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Keeping Patient Privacy Issues Private


Medical identity theft is a disturbing and growing trend, and the onus is on physician practices to guard patient records. The cost of not doing so can be considerable: A new survey shows it takes twice as much time to detect medical fraud and more than twice as money on average to remedy each case.

More than 275,000 incidents of medical information theft occurred in the U.S. in 2009, according to a report by Javelin Strategy & Research, a Pleasanton, California-based market research firm. It’s a disturbing and growing trend, with fraud resulting from health information theft rising from 3 percent in 2008 to 7 percent in 2009. But as Deborah Williamson, senior counsel with Michigan-based law firm Warner Norcross & Judd LLP, explains, it’s not a new problem for physicians.

“I’ve been working with physicians for a long time, and even before electronic health records, physicians were wrestling with patient privacy issues,” Williamson says. Today, however, physicians also have to comply with HIPAA privacy and security rules, or face possible sanctions. Thus, the added motivation.

The Impact of Identity Theft

Williamson explains that physician practices have had to be compliant with HIPAA privacy rules since April 2003, and security regulations since 2005. In short, if physician practices have any records that are stored electronically, employees need to be trained, and extensive policies and procedures must be in place indicating what can and cannot be done with electronic medical records. In addition, a practice must conduct a full-blown risk assessment to determine risks and vulnerabilities with regard to electronic medical records. In other words, Williamson notes, the onus is on the practice.

“[The practice] is the covered entity,” she explains. “The practice will have to notify patients if there has been a breach. So, the motivation on the part of physicians should be there.”

But is it? Are physicians putting in place the proper safeguards in the form of policies and procedures to guard against a breach? “They’re starting to,” Williamson says, but admits that more often than not, physicians are “not paying attention to [the HIPAA regulations] until they’ve had a complaint filed against them. We’re five years later and they don’t have [the compliance measures] in place.”

Williamson points out that instituting such measures can be expensive for a physician practice, though according to the Javelin Strategy & Research study, it may be more expensive to ignore it. The study found that it not only takes twice as much time to detect medical information fraud, compared with other types of identity theft, it costs $12,100 to do so, or more than twice the average cost.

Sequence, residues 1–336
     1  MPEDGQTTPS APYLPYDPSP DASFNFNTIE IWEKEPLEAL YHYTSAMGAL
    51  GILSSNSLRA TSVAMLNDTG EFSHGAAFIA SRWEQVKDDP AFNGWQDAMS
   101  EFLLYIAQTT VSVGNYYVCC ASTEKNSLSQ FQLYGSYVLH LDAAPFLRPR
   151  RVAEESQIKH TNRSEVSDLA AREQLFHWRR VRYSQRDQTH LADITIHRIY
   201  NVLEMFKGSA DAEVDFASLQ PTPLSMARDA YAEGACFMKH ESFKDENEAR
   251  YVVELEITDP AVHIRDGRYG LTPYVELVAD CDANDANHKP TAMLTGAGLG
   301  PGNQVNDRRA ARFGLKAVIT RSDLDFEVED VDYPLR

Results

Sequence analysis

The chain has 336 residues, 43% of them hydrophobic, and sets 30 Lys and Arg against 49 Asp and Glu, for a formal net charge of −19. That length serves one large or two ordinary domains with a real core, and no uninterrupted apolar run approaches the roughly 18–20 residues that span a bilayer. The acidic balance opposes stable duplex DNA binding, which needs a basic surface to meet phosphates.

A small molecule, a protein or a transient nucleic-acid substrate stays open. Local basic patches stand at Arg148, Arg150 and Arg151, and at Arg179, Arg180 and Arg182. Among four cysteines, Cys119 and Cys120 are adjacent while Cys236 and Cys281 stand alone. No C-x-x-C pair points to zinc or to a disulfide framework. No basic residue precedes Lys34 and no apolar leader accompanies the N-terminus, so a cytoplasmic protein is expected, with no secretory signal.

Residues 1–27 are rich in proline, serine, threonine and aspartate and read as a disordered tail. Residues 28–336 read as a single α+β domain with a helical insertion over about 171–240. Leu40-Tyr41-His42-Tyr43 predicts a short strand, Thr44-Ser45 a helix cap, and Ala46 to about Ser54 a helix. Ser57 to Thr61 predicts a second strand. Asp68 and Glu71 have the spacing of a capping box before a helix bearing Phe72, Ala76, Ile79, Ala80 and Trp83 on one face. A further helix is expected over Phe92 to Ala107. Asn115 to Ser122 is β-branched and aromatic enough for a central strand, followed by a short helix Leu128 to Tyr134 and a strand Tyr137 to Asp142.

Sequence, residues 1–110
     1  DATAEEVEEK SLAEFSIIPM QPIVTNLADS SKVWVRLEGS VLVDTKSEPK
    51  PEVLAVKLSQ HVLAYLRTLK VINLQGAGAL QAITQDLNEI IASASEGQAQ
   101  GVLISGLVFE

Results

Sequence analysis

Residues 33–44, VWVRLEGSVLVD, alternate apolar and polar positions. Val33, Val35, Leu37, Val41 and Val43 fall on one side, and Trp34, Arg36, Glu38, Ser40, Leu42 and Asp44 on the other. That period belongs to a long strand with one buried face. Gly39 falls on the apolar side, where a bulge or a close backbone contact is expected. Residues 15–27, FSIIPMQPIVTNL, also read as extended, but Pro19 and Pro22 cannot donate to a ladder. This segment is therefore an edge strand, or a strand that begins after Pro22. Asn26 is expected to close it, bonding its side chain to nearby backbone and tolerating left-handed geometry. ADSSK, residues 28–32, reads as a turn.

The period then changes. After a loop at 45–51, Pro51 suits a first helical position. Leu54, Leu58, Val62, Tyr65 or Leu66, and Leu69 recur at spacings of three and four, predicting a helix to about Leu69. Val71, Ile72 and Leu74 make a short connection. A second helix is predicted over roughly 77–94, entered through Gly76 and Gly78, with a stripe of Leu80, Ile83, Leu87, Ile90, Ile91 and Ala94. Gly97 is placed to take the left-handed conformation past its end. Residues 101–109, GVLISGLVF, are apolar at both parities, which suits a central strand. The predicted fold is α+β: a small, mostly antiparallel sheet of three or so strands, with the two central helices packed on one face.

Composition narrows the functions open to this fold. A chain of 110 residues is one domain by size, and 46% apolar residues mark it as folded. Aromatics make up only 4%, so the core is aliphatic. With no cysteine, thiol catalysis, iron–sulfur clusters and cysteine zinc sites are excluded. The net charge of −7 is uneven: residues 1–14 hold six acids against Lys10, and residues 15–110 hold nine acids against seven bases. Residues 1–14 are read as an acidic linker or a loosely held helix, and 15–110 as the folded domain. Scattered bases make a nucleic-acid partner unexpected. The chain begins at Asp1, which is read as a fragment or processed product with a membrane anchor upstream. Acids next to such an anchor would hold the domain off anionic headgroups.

No Broad-Brush Approach

Paul Smith is president and CEO of PacketMotion, a Sunnyvale, California-based firm that specializes in user-activity management and compliance, including HIPAA. He explains that limiting access to patient records could also limit the ability to provide needed care, such as when a patient visits an emergency room. “You can’t use access control to control inappropriate access,” Smith explains. “Instead, you prevent patterns of access.”

The company’s PacketSentry product plugs into existing networks and allows for the monitoring of all activity. A detailed report can be run on demand showing what each person accessed, or tried to access. “We quietly sit on the network, looking at transactions across applications and across different servers, and give clients a unified picture of what transactions have occurred,” Smith explains.

Take, for example, your credit card. You might use it sparingly, but then while on a vacation 3,000 miles from home you may have the occasion to make frequent purchases. To ensure that it was you who made those purchases, your credit-card company might contact you to verify the purchases. That’s what the PacketSentry Solution does -- it monitors patterns of access and links them to specific users.

“Some tools will tell you that this IP address went to this server and touched this record,” Smith says. “But customers will tell us, ‘I can’t discipline an IT address.’ They need to know who it was. We have technology built into our product that correlates to identity.” Those reports then become documented evidence if a healthcare practitioner needs to take corrective action where an employee is concerned.

Get Outside Help

Williamson emphasizes that when physician practices look to put compliance measures in place, it’s important to bring in outside help, including lawyers and consultants, because practice staffs are already stretched thin. It’s not only costly to address compliance issues, she says, it’s time-consuming as well.

“You talk to any office manager of a physician practice and they’re doing everything as it is,” Williamson says. “Then they have the added responsibility of becoming the HIPAA privacy officer and the HIPAA security officer. And if they’re dealing with HIPAA compliance, they’re not following up on accounts receivable and billing.”

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